When Pope Francis announced a Year of Mercy beginning last November, staff at The Visitor and other diocesan offices came up with the idea of a “Pilgrimage Passport.”
The project is intended for individuals, families, students, schools, youth groups and anyone who wants to mark the Year of Mercy in a special way. The idea is to encourage people to consciously make an effort to understand, exhibit, receive and be grateful for God’s great mercy. The passport includes “stamps” representing specific works of mercy.
When Christine Van Heel, the music teacher at St. Elizabeth Ann Seton School in St. Cloud, read about project in The Visitor, she approached the school’s spirituality committee, which is comprised of Van Heel, first-grade teacher Janel Binsfeld and the school’s principal, Dick McMorrow.
“As Pope Francis has stressed the Year of Mercy, the Passport Project provided a great way for us to bring this concept to life,” McMorrow said. “It was a very hands-on way for kids to live and experience mercy.”
Throughout Lent, students learned about both the corporal and spiritual works of mercy and were encouraged to carry them out in school and at home.
Some classes had sharing time when students discussed which acts they performed to receive a stamp, and some students received stamps when teachers noticed an act of mercy happening in school.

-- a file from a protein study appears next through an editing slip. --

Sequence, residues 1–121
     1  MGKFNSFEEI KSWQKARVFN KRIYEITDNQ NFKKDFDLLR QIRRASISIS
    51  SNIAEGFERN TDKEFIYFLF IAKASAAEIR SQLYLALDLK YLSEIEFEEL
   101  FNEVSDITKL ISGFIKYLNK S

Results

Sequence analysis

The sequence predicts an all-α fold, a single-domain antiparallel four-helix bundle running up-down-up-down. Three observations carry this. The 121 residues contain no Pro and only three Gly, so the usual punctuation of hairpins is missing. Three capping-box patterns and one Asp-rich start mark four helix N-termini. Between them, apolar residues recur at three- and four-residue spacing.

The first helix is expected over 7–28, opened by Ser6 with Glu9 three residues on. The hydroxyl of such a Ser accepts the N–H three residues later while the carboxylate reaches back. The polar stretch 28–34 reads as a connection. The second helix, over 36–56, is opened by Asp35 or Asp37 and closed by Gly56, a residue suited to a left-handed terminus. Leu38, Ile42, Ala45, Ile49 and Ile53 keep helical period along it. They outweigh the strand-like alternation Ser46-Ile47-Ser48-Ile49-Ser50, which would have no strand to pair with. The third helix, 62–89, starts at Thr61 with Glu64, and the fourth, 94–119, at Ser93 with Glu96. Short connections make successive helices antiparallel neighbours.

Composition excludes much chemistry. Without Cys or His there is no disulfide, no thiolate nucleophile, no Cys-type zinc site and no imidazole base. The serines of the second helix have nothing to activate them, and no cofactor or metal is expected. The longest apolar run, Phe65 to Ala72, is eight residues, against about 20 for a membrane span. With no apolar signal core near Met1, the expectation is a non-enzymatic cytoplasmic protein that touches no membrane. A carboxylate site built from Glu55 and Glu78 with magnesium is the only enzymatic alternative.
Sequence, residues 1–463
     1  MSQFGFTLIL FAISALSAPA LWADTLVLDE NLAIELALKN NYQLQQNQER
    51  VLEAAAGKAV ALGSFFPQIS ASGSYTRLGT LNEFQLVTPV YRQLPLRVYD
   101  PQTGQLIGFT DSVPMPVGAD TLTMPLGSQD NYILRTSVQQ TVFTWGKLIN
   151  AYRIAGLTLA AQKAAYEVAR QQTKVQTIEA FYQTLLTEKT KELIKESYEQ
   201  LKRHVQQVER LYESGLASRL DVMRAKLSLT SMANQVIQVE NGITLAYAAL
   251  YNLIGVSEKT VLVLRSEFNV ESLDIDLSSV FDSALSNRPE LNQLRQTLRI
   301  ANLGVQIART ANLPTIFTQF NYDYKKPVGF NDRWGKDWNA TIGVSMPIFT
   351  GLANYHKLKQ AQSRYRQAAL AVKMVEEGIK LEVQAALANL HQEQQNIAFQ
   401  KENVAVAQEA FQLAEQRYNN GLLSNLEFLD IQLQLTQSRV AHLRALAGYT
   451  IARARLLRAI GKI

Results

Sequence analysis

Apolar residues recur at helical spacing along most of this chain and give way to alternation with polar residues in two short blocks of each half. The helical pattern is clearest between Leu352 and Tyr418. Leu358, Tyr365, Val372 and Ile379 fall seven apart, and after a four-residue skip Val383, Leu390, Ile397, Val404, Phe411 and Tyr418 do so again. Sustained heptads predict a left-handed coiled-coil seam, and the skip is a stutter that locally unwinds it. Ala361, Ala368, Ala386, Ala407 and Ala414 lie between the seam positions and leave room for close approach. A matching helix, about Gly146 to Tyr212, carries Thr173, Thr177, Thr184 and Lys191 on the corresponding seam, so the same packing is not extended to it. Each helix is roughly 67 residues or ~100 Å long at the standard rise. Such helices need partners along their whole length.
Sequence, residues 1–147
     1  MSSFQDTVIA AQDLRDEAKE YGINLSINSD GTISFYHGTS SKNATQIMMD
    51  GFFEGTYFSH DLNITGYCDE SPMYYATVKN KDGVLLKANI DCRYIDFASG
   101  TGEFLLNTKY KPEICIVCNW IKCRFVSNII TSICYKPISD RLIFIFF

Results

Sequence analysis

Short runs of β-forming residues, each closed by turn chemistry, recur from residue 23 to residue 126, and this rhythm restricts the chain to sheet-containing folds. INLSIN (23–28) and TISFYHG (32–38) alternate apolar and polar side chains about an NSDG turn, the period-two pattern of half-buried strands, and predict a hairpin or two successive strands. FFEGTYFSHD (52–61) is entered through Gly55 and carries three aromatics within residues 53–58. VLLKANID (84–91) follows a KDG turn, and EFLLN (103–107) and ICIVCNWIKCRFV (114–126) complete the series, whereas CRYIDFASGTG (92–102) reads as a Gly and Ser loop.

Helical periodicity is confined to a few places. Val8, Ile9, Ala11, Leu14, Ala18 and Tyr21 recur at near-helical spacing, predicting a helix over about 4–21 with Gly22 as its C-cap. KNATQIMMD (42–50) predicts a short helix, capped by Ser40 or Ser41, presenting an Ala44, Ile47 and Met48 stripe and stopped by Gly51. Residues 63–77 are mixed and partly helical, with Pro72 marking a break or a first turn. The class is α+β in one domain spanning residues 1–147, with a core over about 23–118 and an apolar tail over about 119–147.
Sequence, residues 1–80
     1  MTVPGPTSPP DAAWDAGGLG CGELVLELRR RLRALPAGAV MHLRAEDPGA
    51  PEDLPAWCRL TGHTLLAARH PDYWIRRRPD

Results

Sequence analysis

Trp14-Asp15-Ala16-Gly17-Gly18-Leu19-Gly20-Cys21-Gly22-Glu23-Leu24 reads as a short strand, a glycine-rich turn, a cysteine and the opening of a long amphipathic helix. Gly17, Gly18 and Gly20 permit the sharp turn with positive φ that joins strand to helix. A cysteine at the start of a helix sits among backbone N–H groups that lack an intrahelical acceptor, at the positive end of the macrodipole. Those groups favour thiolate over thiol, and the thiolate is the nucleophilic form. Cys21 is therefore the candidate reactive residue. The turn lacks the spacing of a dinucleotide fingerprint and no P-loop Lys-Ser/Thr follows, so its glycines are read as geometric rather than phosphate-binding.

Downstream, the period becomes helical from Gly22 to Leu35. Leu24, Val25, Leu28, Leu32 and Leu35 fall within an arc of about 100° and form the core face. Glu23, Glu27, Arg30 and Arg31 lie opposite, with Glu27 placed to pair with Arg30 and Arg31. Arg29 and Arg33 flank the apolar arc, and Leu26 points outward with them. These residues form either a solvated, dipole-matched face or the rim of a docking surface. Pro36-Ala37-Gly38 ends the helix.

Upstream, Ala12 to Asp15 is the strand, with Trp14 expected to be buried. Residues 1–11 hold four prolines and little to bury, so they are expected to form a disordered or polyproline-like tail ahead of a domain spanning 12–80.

Second-grade teacher Mary Ley said the students “could not wait to share with their teacher how they had helped others and which works of mercy they participated in.”
She recalls noticing acts of mercy in her classroom, such as the time one student helped another in her math group who did not understand a math problem, and two other students who cleaned the classroom at the end of the day without being asked. One student taught a younger student how to ride the zipline on the playground.
Many of the teachers agreed that the best part of the project was that students could see how their kindness made a difference in the lives of others.
“The passport idea was for the students to have a tangible record of what it means to do good for others; not just us telling them to do good or us leading by our example,” Van Heel said. “It was a way for the students to see, ‘Wow, I need to do more; my passport pages are empty.’ It was also a character builder for them to say, ‘Look at all the ways that I have helped others.’”
The best part was watching the students articulate their mercy experiences, McMorrow said. “I think the students will remember the concept of mercy for many years to come,” he said.
To learn more or to download the passport and stamps, visit http://stcloudvisitor.org/year-of-mercy.